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United States Department of Agriculture

Agricultural Research Service

Title: Do symbiotic microbes have a role in plant evolution, performance and response to stress?

item Barrow, Jerry
item Lucero, Mary
item Reyes-vera, Isaac
item Havstad, Kris

Submitted to: Communicative and Integrative Biology
Publication Type: Peer Reviewed Journal
Publication Acceptance Date: 6/17/2008
Publication Date: 9/1/2008
Citation: Barrow, J.R., Lucero, M.E., Reyes-Vera, I., Havstad, K.M. 2008. Do symbiotic microbes have a role in plant evolution, performance and response to stress? Communicative and Integrative Biology. 1:1, 69-73.

Interpretive Summary: Plants have generally been viewed by the scientific community as discrete individuals and their adaptation to changing environments is thought to be regulated by their inherent genetic and physiological capabilities. However, research in recent decades has revealed that vascular plants provide a unique internal environment suitable for varied populations of symbiotic microbes, which have assisted in their evolution and survival. These microbes contribute multiple benefits to host plants. Our research has shown that some of these microbes can be transferred to non host plants using cell cultures that result in substantial improvement in production and resistance to stress. This paper suggests a vast unexplored genetic resource and an alternative approach to utilize symbiotic microbes in the improvement of native and crop plants.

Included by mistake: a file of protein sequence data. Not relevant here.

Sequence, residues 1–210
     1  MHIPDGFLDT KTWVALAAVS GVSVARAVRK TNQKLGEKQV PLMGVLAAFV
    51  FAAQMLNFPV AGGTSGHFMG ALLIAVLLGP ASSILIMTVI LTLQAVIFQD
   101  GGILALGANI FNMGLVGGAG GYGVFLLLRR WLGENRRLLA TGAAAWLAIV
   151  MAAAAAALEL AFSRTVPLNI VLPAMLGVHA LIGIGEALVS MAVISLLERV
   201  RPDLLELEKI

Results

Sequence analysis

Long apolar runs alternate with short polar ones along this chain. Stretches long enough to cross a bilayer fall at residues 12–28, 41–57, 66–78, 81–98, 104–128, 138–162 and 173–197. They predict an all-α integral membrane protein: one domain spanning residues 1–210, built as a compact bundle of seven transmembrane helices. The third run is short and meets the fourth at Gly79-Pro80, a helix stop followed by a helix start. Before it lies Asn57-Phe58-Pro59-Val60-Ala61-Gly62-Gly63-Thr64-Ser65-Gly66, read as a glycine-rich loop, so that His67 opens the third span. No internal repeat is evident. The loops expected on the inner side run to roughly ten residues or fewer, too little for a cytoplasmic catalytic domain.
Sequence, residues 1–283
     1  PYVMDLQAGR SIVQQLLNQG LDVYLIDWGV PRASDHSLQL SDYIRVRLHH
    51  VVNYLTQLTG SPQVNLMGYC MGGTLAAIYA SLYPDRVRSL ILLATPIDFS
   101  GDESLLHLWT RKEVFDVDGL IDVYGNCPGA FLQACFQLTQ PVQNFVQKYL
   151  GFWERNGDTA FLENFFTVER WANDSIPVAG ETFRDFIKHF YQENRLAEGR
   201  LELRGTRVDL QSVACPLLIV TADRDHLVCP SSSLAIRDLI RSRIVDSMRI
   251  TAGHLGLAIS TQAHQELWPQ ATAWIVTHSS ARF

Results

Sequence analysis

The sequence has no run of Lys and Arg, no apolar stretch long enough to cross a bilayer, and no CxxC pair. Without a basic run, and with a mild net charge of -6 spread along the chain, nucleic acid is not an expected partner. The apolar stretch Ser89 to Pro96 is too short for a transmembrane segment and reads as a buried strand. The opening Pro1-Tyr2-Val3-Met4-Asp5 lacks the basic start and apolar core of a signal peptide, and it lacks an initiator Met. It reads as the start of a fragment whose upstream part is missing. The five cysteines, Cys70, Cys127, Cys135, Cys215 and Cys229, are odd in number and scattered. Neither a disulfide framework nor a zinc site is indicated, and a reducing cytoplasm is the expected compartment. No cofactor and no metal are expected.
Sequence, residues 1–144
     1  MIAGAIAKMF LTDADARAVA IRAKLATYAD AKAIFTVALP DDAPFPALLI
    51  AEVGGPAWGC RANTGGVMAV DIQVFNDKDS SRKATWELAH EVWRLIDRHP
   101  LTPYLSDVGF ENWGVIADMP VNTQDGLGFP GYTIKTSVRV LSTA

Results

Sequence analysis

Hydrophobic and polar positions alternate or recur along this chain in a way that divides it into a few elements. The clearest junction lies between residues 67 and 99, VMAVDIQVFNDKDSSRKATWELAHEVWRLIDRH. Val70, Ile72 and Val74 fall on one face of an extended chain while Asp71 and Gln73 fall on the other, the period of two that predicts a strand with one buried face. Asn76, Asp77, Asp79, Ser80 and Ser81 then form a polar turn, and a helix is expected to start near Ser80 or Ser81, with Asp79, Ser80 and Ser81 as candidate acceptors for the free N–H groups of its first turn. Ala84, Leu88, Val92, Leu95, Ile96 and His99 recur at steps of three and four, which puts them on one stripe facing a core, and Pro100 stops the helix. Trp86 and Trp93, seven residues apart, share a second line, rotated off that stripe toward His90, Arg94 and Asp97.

Technical Abstract: Vascular plants have been considered as autonomous organisms especially when their performance has been interpreted at the genome and cellular level. In reality, vascular plants provide a unique ecological niche for diverse communities of cryptic symbiotic microbes which often contribute multiple benefits, such as enhanced photosynthetic efficiency, nutrient and water use and tolerance to abiotic and biotic stress. These benefits are similar to improvements sought by plant scientists working to develop ecologically sustainable crops for food, fiber and biofuels. Native desert plants include a community of indigenous endosymbiotic fungi that are structural components with cells, tissues, cell cultures, and regenerated plants. These fungi regulate plant growth and development and contribute genes and natural products that enable plants to adapt to changing environments. A method developed for transferring these endophytes from cell cultures to non-host plants promises to be a revolutionary approach for the development of novel plant germplasm and has application in the field of plant biotechnology.

Last Modified: 10/19/2017
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